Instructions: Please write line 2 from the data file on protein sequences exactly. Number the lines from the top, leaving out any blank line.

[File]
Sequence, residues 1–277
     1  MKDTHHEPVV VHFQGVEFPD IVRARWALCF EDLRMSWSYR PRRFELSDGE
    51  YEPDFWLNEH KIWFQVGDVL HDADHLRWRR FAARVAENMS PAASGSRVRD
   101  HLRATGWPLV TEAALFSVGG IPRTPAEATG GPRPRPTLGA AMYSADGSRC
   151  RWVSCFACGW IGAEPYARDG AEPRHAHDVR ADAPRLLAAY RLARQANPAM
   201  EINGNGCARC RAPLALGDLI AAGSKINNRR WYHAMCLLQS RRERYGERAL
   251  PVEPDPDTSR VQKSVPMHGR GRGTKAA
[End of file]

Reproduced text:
     1  MKDTHHEPVV VHFQGVEFPD IVRARWALCF EDLRMSWSYR PRRFELSDGE